According to the Irish Independent, some people who are trying to open with a new bank were really going through the mill after being temporarily blocked from a number of new services they needed. These included the very basic one of opening a credit card account and getting an overdraft facility – two of the bare essentials that were at the top of the agenda for most.

The harsh reality in all of this is that in all corners of life some of us are better than others in dealing with paperwork. I know some members of my own family who have neither the interest nor the inclination to open a laptop to sign up for anything online, preferring instead to head to the post office with their trusty documents under their arm. This has been probably the most difficult part of the Ulster Bank closure process for hundreds of people.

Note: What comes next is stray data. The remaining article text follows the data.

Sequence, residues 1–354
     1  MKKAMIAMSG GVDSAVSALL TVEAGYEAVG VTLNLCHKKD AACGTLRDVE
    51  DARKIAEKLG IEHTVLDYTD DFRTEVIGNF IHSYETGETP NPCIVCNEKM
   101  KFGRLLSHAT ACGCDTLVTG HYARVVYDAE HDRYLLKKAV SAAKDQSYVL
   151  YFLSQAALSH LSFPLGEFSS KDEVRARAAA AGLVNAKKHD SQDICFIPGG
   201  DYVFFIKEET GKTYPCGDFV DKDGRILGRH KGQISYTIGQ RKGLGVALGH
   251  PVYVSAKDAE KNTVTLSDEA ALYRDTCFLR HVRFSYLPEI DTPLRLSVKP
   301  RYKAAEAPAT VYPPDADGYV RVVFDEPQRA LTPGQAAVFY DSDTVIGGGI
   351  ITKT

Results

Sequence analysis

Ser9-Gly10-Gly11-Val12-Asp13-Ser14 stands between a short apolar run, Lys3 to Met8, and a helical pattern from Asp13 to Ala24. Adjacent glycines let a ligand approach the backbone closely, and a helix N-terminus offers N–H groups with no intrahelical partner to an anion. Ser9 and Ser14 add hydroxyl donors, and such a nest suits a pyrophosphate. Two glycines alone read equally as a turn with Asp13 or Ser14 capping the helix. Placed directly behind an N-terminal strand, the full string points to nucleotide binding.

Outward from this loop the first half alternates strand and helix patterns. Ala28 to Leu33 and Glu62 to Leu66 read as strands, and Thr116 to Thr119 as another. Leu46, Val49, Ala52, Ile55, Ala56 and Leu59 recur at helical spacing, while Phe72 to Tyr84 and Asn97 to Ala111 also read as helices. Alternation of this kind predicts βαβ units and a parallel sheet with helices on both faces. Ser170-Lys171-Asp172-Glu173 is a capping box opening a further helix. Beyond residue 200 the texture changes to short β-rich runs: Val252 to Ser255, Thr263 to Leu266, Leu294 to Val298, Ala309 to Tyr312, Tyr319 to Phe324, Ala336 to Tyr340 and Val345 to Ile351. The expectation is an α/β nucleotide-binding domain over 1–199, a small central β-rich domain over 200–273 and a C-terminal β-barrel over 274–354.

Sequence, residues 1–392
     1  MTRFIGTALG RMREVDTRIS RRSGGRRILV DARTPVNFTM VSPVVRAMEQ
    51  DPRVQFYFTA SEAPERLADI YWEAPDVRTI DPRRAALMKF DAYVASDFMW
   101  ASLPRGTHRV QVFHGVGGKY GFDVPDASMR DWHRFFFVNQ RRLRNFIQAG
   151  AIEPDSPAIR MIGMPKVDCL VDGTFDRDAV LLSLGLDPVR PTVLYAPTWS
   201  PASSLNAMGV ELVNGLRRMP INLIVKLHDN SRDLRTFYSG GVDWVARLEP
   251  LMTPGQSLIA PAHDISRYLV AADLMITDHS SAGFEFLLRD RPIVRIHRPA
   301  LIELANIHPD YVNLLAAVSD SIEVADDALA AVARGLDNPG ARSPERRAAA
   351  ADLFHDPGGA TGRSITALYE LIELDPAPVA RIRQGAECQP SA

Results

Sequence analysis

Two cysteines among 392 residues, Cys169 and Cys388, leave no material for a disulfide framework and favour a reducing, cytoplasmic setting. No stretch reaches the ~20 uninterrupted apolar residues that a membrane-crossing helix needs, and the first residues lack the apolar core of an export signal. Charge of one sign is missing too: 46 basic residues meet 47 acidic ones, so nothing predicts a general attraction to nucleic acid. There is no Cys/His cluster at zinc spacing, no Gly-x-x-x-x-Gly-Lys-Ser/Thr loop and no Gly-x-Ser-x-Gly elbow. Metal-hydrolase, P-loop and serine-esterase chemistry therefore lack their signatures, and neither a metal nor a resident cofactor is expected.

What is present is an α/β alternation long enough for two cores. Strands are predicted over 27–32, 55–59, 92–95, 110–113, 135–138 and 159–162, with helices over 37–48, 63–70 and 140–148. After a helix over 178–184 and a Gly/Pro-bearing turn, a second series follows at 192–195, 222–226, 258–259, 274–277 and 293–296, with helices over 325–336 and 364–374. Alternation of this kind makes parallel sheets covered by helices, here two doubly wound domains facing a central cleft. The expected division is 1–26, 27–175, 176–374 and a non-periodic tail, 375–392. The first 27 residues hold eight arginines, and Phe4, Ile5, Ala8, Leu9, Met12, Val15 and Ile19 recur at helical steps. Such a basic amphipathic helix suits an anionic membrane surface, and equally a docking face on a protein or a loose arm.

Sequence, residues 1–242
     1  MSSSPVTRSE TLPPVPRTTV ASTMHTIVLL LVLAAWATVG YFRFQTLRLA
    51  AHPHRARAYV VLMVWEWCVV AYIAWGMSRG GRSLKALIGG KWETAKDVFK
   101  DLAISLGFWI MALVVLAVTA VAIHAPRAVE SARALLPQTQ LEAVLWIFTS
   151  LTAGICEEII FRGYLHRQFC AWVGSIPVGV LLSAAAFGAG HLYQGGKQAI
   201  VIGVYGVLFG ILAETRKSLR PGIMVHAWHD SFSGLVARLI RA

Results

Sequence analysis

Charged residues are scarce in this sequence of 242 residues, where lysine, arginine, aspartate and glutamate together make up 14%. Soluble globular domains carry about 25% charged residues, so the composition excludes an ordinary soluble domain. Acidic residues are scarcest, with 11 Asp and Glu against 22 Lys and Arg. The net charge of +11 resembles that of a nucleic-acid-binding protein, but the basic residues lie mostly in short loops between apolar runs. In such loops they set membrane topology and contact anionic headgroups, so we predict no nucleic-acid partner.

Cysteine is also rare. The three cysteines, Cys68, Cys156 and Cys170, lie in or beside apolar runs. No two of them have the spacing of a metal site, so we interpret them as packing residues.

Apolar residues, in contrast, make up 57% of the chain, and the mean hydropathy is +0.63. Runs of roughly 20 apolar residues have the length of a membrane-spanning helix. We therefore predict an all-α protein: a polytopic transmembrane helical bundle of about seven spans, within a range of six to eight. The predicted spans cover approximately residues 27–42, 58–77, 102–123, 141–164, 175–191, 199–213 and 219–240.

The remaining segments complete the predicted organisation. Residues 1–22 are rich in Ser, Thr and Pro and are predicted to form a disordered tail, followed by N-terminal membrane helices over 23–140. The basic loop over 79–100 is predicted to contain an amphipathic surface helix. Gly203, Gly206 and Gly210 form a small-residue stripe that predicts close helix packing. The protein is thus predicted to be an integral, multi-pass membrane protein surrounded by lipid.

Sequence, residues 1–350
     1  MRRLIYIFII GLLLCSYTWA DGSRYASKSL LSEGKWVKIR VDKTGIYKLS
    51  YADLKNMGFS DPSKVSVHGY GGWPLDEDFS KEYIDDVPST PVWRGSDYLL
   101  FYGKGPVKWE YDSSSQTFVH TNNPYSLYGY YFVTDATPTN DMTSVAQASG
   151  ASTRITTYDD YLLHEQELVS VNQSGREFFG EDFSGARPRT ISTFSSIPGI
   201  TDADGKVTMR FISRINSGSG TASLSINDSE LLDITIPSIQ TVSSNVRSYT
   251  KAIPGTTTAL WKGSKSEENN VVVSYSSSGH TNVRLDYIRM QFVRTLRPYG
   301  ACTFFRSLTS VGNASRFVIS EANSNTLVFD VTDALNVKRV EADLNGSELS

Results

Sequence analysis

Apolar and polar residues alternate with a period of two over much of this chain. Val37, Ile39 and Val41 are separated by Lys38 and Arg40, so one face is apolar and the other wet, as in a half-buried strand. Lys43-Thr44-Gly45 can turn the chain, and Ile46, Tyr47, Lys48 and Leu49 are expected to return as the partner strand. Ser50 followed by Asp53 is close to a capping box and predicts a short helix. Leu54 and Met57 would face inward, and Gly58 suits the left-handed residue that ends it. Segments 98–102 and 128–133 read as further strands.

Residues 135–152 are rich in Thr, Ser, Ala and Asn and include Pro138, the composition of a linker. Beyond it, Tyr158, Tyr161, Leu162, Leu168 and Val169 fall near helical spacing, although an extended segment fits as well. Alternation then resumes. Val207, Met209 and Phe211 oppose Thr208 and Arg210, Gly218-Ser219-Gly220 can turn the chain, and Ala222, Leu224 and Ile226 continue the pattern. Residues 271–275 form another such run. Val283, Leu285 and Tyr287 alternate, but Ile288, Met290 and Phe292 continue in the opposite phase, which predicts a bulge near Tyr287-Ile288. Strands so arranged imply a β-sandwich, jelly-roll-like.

The ordeal of having to even go into the bank scares many people and can bring them out in a ball of sweat at the best of times. To have to gather almost every important document of your life and head down the road of detailed administration to get the account closed or transferred has freaked out many people – of a certain age especially – and I know some are still putting it off as we enter September.

The Ulster Bank staff around the country have been flat out trying to deal with all this paperwork, and I know they have tried their best to resolve issues. Still, the banking unions are adamant there was a better way of doing this – a more ‘human’ 1:1 approach from head office that could have taken the stress out of it all. A better role for the Banking Ombudsman’s office in the whole process would also surely have been a better idea. Maybe it’s still not too late to try it?